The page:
Preface to Volume 16, 2 B
This volume contains the annotated edition of the surviving sketches and rough drafts for Schoenberg’s Gurre-Lieder, published in volume 16, 1 of series A of the complete works. It includes an edition of reconstructions of earlier versions of all the songs from parts I and II and of three songs from part III.
The material contained in the sketches derives from every one of the many stages in the genesis of the work and reflects a correspondingly wide range of different points in the process of composition, ranging from spontaneous jottings and preliminary drafts to fair copies of draft versions of the score.This collection also includes an outline of work in progress on the final chorus, showing only the most important lines in the music: Schoenberg, according to his own testimony, did not elaborate this until shortly before he completed the score in November 1911. The vast majority of the sketches relate to the melodrama entitled “Des Sommerwindes wilde Jagd” from part III, where the complex and multilayered interweaving of voices required more careful planning than the love songs from part 1; these were composed quickly and in rapid succession, and almost all of the surviving sketches relate to their instrumentation.
Some of the sketches for the Gurre-Lieder were only made in the final stages of the process of composition, when individual parts of the cycle were revised, extended and in some instances completely rewritten. Some of the songs in question were partly or wholly removed from the first transcript by being crossed out or obliterated by additions pasted over them, and have thus been preserved in their original form. In most cases, however, Schoenberg added these changes to the manuscript immediately as corrections, so that it has only been possible to reconstruct the earlier version by the careful removal of later additions. The selection of earlier versions published here for the first time is restricted to those songs that present a certain individual character, when the nature and number of subsequent alterations is considered. For this reason two earlier versions have been preserved of the song “Herrgott, weisst Du, was Du tatest”, which forms part II of the Gurre-Lieder.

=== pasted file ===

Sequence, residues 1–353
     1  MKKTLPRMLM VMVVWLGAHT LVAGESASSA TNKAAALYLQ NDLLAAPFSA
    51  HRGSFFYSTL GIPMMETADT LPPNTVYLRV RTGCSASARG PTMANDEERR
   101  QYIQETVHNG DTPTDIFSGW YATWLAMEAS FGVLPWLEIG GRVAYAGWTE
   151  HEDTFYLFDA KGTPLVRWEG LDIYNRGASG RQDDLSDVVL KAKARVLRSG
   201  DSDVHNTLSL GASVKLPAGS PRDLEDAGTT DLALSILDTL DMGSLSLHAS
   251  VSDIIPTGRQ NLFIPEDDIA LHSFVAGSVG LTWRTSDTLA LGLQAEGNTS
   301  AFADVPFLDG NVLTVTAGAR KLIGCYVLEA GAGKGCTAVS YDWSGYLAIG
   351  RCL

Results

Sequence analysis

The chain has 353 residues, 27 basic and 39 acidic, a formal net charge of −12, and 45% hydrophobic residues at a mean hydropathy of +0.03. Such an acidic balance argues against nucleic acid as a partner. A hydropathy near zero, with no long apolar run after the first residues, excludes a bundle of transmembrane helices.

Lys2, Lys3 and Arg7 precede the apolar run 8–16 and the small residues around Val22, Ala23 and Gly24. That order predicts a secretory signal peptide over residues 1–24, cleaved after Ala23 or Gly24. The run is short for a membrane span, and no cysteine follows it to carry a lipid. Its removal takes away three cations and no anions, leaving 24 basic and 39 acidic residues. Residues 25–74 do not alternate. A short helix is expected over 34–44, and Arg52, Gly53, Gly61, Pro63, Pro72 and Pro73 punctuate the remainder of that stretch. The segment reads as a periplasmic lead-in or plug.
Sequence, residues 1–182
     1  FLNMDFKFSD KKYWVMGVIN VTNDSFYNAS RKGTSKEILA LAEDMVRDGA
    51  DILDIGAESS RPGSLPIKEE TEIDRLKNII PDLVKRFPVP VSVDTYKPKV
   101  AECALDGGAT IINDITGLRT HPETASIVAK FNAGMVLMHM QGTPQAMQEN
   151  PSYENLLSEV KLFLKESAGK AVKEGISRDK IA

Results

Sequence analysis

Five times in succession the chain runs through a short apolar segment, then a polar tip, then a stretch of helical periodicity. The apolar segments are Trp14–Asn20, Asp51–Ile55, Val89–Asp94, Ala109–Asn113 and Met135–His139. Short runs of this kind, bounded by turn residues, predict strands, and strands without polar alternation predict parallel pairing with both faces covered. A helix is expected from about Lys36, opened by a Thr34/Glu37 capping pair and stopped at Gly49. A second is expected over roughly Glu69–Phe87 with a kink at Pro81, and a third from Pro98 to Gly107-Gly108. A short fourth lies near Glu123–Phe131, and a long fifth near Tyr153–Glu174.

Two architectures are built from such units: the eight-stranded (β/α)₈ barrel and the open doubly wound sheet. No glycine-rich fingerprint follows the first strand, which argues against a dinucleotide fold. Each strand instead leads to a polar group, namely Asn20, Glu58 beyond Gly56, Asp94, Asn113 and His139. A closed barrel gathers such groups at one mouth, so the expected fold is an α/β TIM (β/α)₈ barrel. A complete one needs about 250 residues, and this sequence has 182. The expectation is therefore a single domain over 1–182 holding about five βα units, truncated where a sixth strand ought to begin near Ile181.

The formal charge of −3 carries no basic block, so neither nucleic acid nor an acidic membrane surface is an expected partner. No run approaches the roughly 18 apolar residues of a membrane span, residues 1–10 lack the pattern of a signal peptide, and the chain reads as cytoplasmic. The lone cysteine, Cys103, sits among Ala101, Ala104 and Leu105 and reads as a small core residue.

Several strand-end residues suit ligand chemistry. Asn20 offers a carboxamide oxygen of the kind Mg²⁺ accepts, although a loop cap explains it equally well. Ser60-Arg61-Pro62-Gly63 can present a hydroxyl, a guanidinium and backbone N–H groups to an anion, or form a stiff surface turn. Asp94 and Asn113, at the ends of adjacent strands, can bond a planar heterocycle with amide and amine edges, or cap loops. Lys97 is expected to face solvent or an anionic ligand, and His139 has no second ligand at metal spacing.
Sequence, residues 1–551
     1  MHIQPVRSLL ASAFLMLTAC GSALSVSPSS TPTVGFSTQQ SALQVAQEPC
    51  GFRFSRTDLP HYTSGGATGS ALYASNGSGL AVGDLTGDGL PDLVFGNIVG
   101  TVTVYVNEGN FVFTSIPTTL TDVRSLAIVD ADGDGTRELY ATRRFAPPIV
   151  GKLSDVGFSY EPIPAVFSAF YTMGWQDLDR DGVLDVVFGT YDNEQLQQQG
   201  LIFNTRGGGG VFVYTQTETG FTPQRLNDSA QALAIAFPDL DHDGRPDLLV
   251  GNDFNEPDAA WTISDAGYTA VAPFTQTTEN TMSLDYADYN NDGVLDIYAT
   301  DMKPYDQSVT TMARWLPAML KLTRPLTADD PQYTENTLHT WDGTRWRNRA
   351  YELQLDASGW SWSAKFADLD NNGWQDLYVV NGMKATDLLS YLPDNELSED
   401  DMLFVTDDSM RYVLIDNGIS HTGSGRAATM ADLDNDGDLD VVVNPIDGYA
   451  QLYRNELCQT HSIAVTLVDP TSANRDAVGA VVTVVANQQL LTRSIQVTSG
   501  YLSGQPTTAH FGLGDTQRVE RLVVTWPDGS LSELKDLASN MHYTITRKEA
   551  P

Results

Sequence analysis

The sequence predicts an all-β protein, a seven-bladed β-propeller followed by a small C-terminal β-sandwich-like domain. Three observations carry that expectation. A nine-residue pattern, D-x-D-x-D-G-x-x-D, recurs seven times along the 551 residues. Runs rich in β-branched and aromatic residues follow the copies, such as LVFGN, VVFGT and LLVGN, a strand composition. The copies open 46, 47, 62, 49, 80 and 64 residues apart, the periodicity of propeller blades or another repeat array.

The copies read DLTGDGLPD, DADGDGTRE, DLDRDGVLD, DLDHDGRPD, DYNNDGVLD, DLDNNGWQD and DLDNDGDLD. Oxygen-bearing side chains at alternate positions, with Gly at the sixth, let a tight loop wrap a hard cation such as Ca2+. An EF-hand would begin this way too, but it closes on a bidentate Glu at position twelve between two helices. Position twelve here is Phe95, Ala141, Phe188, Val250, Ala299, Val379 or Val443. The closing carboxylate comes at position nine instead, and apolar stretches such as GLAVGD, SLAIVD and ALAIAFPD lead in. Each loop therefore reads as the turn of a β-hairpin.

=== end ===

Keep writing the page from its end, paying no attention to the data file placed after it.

The chief requirement in editing these earlier versions, which together with the sketches make it possible to acquire deep insights into the composer’s working processes, has been the removal of the numerous additions that had been stuck over the first transcript, sometimes in several layers. Here thanks are due to Verena Graf, the restorer who has dealt so expertly with this difficult task, and to the Arnold Schoenberg Center and the archivist there, Therese Muxeneder, who made it possible for this work to be carried out.
Thanks are also due to Wolfgang Behrens for his transcription of a large number of the sketches, to Christian Meyer and colleagues at the Arnold Schoenberg Center in Vienna for considerable help provided there, and to the Snyder Collection, Maryland.
Berlin, January 2005
(English translation Julia Rushworth)